HOUSTON, May 11 (Xinhua) -- Petroleum distribution terminals in the U.S. east coast will rely on inventories and alternative supplies until a main fuel pipeline resumes operation, the U.S. Energy Information Administration (EIA) said on Tuesday.
According to EIA, pipeline shipments move at approximately five miles per hour, so some markets may need to rely on inventories for several days after the Colonial Pipeline Company service is restored.
The Colonial Pipeline Company, operator of the pipeline carrying gasoline and diesel fuel to U.S. east and southeast parts, temporarily halted all pipeline operations after the cybersecurity attack involving ransomware was detected on Friday.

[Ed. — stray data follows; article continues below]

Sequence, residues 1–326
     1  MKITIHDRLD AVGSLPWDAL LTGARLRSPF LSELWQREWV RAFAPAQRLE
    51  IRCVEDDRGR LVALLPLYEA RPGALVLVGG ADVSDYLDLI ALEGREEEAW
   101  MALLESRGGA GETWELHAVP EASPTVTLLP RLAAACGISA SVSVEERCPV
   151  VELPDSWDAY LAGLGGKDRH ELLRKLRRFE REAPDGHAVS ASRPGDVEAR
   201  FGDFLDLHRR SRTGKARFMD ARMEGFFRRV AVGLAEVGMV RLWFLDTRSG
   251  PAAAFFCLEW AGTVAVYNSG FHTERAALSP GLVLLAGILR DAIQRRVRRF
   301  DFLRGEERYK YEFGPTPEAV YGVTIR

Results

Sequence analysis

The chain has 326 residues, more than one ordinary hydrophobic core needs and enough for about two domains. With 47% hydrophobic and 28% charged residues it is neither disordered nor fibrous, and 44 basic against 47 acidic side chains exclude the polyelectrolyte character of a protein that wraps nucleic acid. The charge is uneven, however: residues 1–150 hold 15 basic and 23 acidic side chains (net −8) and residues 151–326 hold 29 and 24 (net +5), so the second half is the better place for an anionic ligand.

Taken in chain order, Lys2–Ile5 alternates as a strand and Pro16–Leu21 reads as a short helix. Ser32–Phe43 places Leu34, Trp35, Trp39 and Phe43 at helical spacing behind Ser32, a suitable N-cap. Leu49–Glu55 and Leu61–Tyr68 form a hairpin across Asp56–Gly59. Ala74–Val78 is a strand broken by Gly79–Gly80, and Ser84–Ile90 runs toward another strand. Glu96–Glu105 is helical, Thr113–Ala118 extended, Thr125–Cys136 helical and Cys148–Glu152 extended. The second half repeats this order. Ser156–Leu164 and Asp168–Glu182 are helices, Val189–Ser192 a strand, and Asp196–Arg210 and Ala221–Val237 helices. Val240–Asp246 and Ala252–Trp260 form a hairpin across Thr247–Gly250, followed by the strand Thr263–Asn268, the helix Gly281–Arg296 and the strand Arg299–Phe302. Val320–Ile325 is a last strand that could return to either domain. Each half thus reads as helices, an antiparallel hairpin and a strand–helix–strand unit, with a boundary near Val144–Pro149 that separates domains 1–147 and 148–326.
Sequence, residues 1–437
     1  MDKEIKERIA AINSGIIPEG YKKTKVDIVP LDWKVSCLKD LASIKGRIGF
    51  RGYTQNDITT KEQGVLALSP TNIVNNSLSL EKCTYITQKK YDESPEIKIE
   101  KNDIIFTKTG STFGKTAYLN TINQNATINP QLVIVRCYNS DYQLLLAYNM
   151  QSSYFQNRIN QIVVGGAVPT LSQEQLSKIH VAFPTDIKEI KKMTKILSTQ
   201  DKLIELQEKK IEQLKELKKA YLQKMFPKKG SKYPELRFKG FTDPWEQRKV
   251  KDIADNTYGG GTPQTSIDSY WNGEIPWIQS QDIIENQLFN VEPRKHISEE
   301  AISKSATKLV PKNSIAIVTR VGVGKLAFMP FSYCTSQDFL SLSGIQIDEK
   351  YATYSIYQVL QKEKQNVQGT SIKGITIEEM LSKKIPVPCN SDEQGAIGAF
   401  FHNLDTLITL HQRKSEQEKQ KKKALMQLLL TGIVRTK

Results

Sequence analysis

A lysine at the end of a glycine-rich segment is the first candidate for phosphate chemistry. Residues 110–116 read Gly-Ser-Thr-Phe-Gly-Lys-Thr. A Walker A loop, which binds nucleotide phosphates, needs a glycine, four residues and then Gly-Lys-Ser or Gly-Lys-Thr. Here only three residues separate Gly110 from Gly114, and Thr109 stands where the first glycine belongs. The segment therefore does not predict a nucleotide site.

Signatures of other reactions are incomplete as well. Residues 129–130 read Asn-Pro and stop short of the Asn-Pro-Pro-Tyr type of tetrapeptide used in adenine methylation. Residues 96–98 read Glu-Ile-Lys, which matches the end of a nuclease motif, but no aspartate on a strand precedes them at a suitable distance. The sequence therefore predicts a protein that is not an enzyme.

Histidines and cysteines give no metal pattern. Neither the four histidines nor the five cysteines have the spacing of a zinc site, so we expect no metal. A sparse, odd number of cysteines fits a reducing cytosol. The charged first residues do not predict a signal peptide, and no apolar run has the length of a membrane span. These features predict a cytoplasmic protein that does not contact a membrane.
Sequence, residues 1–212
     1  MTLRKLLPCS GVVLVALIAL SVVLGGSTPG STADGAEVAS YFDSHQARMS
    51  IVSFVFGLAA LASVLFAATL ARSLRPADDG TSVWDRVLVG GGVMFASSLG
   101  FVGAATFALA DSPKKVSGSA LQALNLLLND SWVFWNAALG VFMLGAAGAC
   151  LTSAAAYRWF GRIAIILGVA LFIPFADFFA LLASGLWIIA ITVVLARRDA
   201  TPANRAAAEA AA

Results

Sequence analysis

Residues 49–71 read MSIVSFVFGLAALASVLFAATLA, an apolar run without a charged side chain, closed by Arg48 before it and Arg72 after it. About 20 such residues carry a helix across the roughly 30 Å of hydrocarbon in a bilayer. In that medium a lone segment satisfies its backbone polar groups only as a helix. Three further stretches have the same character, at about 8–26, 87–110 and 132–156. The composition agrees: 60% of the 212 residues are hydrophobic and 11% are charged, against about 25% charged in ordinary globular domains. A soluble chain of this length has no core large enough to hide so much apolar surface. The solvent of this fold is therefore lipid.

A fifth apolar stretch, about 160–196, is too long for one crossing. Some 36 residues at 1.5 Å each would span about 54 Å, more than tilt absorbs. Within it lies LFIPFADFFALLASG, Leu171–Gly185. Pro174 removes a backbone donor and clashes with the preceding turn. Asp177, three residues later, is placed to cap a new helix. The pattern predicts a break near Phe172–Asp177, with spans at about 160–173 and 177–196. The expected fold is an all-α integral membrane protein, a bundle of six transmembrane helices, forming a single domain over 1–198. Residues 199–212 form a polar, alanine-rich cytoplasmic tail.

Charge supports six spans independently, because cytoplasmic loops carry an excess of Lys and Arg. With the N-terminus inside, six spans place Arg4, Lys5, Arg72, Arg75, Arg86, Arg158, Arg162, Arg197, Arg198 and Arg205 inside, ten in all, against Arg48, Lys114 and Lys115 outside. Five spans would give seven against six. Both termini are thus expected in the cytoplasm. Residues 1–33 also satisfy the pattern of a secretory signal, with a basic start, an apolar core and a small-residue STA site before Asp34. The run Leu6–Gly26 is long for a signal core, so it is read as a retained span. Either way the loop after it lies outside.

EIA said that before the fully restoration of Colonial Pipeline's service, markets along the Atlantic Coast with access to deepwater ports can receive limited imports from the global market and from marine shipments via coastwise compliant shipping originating from the U.S. Gulf Coast.
Central Atlantic and Northeast markets can import petroleum products from Europe and Canada, and they can also obtain supplies from in-region refineries, the agency said.
According to EIA's most recent Weekly Petroleum Status Report, on April 30, motor gasoline stocks in the New England and Central Atlantic regions were a combined 40.8 million barrels, or about 1 percent more than the five-year average. Total motor gasoline stocks in the Lower Atlantic region were 23.8 million barrels, 9 percent less than the five-year average.
The Colonial Pipeline is the largest refined-products pipeline in the United States, transporting more than 100 million gallons of fuel daily on the East Coast. Enditem